Among employers faced with organizing campaigns:
30% of employers fire pro-union workers.
49% of employers threaten to close a worksite when workers try to form a union, but only 2% actually do.
51% of employers coerce workers into opposing unions with bribery or favoritism.
82% of employers hire high-priced unionbusting consultants to fight union organizing drives.
91% of employers force employees to attend one-on-one anti-union meetings with their supervisors.
Employer Anti-Union Behavior Impedes Union Organizing
The report confirms that union membership in the United States is not declining because workers no longer want, need, or attempt to form unions. Instead, the falling membership rate is related to employers’ systematic use of legal and illegal tactics to stymie union organizing.
Aided by a weak labor law system that fails to protect workers’ rights, employers manipulate the government-supervised union recognition process in a way that allows them to abuse their power and significantly influence the outcome of union representation elections.
In 91% of the union recognition petitions filed with the National Labor Relations Board (NLRB) in the survey, a majority of workers indicated they wanted a union before the process began. In several cases, workers demonstrated more than 80% support.
However, unions were victorious in only 31% of the campaigns in which they filed a petition.
About the Report
Undermining the Right to Organize examines both legal and illegal employer conduct during the union representation campaign process.
The report analyzes the impact of employer conduct on union election outcomes.
The new data exposes the violations of workers’ rights to freely and fairly choose to form unions.
The study confirms findings from the seminal national survey on employer anti-union behavior— Uneasy Terrain (2000) by Kate Bronfenbrenner.
The report is based on a survey of 62 campaigns launched in 2002 in the Chicago metropolitan area.
Region 13 of the NLRB provided data on all campaigns by unions to represent previously unorganized workers.
Investigators also conducted case studies of 25 campaigns, and interviewed union organizers, workers, and NLRB representatives.
Seven Sophisticated Unionbuster Techniques
Supervisors as Frontline Soldiers: Supervisors, who themselves have no legally protected right to be represented by a union, are manipulated into delivering anti-union letters, speeches, and informal chats prepared by unionbusters, essentially doing the dirty work of the unionbusters and management.
One-on-One Meetings: During organizing drives, 78 percent of workers are forced to attend closed-door or isolated meetings with supervisors.5 These aren’t friendly impromptu chats, but well-planned meetings to decipher employees’ feelings about the union and persuade them against the union.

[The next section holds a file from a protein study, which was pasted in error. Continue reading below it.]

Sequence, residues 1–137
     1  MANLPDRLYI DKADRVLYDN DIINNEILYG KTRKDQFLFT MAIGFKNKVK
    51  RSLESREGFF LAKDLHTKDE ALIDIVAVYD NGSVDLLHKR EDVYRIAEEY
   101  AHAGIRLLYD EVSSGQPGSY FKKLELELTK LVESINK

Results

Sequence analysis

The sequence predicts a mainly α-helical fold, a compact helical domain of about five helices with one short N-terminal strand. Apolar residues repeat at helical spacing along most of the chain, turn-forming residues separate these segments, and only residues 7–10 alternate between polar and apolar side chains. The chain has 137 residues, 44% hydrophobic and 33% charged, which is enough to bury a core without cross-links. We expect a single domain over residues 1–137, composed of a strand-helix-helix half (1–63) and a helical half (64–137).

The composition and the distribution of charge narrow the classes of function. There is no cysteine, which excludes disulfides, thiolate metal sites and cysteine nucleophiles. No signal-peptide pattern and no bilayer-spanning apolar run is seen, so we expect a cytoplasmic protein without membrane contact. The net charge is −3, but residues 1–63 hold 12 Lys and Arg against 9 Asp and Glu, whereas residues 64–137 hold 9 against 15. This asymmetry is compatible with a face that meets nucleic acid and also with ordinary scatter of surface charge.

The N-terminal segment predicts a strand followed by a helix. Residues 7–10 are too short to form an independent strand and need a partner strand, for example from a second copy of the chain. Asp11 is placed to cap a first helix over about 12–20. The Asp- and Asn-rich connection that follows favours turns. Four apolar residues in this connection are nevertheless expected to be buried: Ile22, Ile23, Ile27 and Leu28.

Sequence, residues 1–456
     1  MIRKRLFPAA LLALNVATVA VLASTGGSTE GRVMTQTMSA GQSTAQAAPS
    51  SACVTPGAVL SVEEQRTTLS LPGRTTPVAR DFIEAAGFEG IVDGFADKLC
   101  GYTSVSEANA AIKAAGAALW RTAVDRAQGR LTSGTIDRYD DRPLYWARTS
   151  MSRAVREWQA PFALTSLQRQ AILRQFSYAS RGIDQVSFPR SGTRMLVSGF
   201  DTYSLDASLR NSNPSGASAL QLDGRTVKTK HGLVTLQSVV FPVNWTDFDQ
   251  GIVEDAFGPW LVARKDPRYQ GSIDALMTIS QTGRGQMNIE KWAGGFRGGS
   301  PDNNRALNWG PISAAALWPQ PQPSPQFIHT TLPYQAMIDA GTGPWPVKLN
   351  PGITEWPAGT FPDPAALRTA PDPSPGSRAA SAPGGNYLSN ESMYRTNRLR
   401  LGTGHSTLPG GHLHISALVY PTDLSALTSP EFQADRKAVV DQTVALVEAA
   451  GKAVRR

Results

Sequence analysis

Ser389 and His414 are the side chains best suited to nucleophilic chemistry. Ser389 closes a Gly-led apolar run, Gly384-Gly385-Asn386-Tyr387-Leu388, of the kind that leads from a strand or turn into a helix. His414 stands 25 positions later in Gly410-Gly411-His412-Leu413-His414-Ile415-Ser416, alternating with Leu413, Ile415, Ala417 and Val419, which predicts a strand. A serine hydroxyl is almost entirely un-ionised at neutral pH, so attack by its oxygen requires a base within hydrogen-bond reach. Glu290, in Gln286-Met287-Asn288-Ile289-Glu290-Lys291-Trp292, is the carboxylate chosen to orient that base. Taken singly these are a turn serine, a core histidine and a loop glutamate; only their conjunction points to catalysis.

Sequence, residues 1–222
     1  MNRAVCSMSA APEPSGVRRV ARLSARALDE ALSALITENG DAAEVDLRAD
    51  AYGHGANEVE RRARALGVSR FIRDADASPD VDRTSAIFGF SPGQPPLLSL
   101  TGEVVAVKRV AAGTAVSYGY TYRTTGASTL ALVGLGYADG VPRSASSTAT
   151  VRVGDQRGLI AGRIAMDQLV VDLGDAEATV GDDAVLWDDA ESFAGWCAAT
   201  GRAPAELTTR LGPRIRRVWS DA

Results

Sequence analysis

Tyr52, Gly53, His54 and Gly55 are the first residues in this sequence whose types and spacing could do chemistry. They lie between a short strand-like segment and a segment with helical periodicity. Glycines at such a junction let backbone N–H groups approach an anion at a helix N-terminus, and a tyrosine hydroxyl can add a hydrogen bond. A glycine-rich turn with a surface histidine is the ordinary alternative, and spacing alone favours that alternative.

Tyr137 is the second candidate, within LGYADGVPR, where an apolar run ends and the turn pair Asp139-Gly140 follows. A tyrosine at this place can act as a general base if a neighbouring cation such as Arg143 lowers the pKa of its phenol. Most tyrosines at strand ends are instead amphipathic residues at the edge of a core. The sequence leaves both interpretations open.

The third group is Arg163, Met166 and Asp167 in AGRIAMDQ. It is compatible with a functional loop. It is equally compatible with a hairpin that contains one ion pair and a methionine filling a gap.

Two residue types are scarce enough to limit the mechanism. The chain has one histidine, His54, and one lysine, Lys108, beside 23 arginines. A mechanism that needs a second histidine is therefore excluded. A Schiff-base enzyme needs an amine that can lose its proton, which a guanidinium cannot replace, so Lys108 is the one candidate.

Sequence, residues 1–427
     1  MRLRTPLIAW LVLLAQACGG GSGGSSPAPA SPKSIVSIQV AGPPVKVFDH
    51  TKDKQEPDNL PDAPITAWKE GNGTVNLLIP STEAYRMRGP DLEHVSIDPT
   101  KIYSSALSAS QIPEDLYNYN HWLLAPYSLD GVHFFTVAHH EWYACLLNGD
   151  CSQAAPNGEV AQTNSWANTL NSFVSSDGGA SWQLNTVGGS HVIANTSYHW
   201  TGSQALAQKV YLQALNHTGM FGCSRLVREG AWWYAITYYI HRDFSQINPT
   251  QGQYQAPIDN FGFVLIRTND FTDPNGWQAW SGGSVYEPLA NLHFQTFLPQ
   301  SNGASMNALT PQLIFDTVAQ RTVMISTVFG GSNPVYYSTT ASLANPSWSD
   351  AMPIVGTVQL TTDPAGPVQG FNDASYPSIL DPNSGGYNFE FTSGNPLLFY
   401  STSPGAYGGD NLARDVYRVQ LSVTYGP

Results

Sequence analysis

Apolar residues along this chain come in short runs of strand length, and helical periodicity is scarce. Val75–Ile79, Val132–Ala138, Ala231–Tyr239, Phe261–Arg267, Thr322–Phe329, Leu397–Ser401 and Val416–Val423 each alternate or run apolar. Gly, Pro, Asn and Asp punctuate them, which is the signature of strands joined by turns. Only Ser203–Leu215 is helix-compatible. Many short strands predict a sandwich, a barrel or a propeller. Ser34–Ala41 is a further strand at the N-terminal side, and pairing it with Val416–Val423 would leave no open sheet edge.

Captive Audience Meetings: So-called ‘captive audience’ meetings are held for employees during work hours to disseminate propaganda against union representation and to attempt to discredit the union. Employees are almost always required to attend, but union organizers may be intentionally disinvited. Often, the meetings are rigged so that workers who are already against the union are assigned to ask questions to sow misinformation.
Delay: Unionbusters often attempt to delay union representation elections by legal maneuvers so they have more time to implement other tactics needed to increase tension, dissension and the employer’s chance of winning the election.
Divide & Conquer: The unionbuster creates opportunities and crafts persuasive messages to make employees feel that there is a tense division among staff concerning the union election. They may go so far as to pit one group of employees against each other, based on race or ethnicity.
Letters, letters, letters: A unionbuster’s specialty is hammering out materials—be it cartoons, leaflets or management correspondence—to make the case against the union. 92 percent of companies involved in organizing drives mail anti-union materials to employees’ homes.
Love offerings: In order to convince employees that they don't need a union, unionbusters may advise clients to provide indirect bribes, like unexpected increases in wages or benefits or ‘feel good’ measures like free food and lottery tickets.
This work is in the public domain